Thursday, May 25, 2017

Saturday, May 13, 2017

Flash Freebie in May!

Flash Freebie!
May 20th and May 21st for TiePlay Ed. TN followers only.

Tuesday, May 2, 2017

Now and Then: Immeasurable Qualities of Teacher Effectiveness


    Is an excellent teacher really definable? How can a truly effective teacher be characterized? In the old days of education, there were no "highly qualified" teachers.


   Really? Of course there were... and here are just some of the past teaching greats.

     Confucius (561 B.C) was the first well-know private instructor who also wrote the book, Analects. Confucius believed that a leader needed to be humble. A true leader shows compassion and empathy toward others. He wrote how families and the general public should act. In doing so, Confucius began the basis for educational ideals. A notorious Confucius writing declared,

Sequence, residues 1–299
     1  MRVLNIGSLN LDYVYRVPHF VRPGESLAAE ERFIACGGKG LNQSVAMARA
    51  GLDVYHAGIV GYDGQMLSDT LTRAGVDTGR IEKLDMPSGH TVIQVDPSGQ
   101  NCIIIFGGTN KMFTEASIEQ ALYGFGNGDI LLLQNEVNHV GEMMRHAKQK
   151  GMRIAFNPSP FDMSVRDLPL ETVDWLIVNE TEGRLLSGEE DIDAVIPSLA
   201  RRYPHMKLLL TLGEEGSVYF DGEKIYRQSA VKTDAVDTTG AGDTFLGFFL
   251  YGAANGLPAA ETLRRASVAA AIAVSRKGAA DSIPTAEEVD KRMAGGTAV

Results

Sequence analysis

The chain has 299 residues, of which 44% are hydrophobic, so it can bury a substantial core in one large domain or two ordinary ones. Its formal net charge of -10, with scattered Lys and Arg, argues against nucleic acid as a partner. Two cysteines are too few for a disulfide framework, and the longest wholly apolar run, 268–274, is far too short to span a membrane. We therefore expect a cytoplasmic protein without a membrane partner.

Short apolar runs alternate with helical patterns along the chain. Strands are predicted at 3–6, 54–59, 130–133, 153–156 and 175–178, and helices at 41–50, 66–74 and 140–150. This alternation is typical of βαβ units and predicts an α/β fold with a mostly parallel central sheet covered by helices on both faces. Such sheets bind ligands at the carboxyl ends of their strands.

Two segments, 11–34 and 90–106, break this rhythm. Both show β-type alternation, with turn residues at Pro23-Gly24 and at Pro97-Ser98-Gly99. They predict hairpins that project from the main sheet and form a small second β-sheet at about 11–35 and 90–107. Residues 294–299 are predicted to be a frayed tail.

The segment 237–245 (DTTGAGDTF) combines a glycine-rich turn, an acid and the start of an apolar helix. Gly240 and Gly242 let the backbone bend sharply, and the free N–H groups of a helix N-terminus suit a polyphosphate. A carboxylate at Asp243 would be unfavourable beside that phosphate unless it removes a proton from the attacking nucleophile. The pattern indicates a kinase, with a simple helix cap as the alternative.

"What you do not wish for yourself, do not do to others."

  •    The Pilgrims (1635) presented their students with reading, writing and religion in the New World.

             Highly Qualified Teachers Had To...

                             In the 1800's
  •   impress the school board of their moral character
  •    succeed on tests of reading, writing, and arithmetic for a state certificate
  •    triumph on later subject tests added: U.S. history, geography, spelling, and grammar
  •    enroll in Normal schools to prepare for instruction and teaching certificates based on multifarious and disconnected topics
        By the twentieth century, noted education schools fought for school improvement. However, there were no effective teaching practices to mentor new teachers. The debate continued on needed subject matters, teaching methods, assessments and research methods.